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Stories from an A-Life Future
Edited by Ra Page
ISBN: 978 1 905583 65 2
Categories: 21st Century, Anthologies
Imprint: Comma Press
Published: October 2014
198 x 129 x 8 mm
Publisher: Comma Press
Stuart Evers, Frank Cottrell Boyce, Martyn Bedford, Adam Marek, Margaret Wilkinson, Robin Yassin-Kassab, Adam Roberts, Sarah Schofield, Toby Litt, Sean O'Brien, Zoe Lambert, K.J. Orr, Julian Gough, Dinesh Allirajah, Annie Kirby, Lucy Caldwell, Claire Dean, Andy Hedgecock & Joanna Quinn
Computers are changing. Soon the silicon chip will seem like a clunky antique amid the bounty of more exotic processes on offer. Robots are changing too; material evolution and swarm intelligence are creating a new generation of devices that will diverge and disperse into a balanced ecosystem of humans and ‘robjects’ (robotic objects). Somewhere in between, we humans will have to change also… in the way we interact with technology, the roles we adopt in an increasingly ‘intelligent’ environment, and how we interface with each other.
The driving motors behind many of these changes will be artificial life (A-Life) and unconventional computing. How exactly they will impact on our world is still an open question. But in the spirit of collective intelligence, this anthology brings together 38 scientists and authors, working in pairs, to imagine what life (and A-Life) will look like in the year 2070. Every kind of technology is imagined: from lie-detection glasses to military swarmbots, brain-interfacing implants to synthetically ‘grown’ skyscrapers, revolution-inciting computer games to synthetically engineered haute cuisine. All artificial life is here.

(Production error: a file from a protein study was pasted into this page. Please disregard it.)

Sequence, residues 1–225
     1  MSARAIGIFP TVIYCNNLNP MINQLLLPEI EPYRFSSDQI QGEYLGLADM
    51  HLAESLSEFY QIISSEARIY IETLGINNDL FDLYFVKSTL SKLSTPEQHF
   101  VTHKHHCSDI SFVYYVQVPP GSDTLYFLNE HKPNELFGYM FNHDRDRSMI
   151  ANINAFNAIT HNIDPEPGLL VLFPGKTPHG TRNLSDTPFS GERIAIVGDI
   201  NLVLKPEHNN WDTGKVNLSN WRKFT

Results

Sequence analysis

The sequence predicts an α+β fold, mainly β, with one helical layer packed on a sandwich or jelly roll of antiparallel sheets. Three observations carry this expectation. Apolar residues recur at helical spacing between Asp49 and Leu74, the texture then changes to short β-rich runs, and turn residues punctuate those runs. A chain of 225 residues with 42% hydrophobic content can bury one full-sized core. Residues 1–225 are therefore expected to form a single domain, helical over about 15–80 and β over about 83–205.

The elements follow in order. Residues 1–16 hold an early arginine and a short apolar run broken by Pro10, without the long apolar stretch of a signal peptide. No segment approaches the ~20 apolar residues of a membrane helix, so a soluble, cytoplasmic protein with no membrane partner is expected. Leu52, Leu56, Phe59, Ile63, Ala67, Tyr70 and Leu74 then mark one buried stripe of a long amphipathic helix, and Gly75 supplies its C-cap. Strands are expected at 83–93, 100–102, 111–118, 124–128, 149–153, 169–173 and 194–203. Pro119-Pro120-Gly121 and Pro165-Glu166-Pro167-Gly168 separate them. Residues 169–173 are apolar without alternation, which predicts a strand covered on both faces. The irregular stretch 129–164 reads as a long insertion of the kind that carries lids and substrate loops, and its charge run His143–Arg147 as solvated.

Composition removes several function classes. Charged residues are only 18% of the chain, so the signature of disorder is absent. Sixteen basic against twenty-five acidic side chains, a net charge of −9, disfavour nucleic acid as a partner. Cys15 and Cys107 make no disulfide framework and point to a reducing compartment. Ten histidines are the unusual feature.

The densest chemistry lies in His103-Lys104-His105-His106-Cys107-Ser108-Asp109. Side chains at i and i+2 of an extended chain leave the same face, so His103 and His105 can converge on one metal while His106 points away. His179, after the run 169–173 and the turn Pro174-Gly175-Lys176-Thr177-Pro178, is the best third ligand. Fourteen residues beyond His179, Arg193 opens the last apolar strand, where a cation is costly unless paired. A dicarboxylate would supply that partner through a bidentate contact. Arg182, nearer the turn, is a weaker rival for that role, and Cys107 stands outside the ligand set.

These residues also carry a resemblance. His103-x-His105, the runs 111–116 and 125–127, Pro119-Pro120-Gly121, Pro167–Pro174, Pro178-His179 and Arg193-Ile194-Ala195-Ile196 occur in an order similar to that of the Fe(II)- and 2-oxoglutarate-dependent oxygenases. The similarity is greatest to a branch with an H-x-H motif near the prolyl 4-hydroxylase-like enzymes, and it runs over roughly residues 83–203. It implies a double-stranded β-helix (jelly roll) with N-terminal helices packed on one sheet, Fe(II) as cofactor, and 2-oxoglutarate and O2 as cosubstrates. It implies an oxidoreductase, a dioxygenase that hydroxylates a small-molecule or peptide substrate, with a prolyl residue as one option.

Supported by TRUCE (Training and Research in Unconventional Computation in Europe).
Awards won by Ra Page Winner, 2012 Financial Times Book of the Year
Praise for Ra Page 'Read this book.'
Liz Lochhead 'An agreeably accomplished collection populated, as promised, by some intriguing characters.'
City Life 'Get with the zeitgeist and buy yourself a copy of Bracket.'
Leeds Guide 'Fills you with hope for the form.'
Time Out 'Short fiction is in good hands.'
The Independent 'If we need the uncanny -- and I suspect we do -- then we also need it updating... laudable.'
Book of the Week, The Independent 'A masterclass in understated creepiness... a deliciously macabre collection that the old Austrian might well have enjoyed.'
Book of the Week, Time Out 'Delightful and disturbing.'
The Independent on Sunday 'It's not too great a stretch to see Comma as the literary equivalent of Factory Records.'
The Herald 'An inspiring tribute to inquiring minds.'
The Guardian 'A very alive, illuminating and good-natured collection.'
The Observer 'The pairings work brilliantly, giving stereoscopic vision... ingenious... unfailingly interesting.'
The Independent 'Exquisite... delectable.'
New Scientist 'There is something about the defiance of language in this story.'
China Daily 'On balance, [the editors] perform a valuable service in making these rich, varied and rewarding stories known to a western audience, for all that the politics of cultural engagement remain fraught.'
'These stories tell us how the lives of these cities and citizens, or peasants-turned-citizens, are being tempered. The stories seem to say that one has to go through the fires of hell to reach some different stage of existence.'
The Independent 'Shi Cheng is a sort of mind map of both modern China, and also of what itâs like to be human.'
Asian Books Blog
'An exhilarating read.'
The Short Review 'Fascinating reading.'
Financial Times 'It might have been of interest to these pre-Mansfield masters to learn that there was a hidden country of prose out there; great short story writers, then and now, create countries of their own.'
Michael Caines writing about Morphologies in the TLS blog 'A worthy addition to the immense collection of criticism.'
The Guardian 'Works brilliantly... ingenious... unfailingly interesting.'
The Independent, Book of the Week
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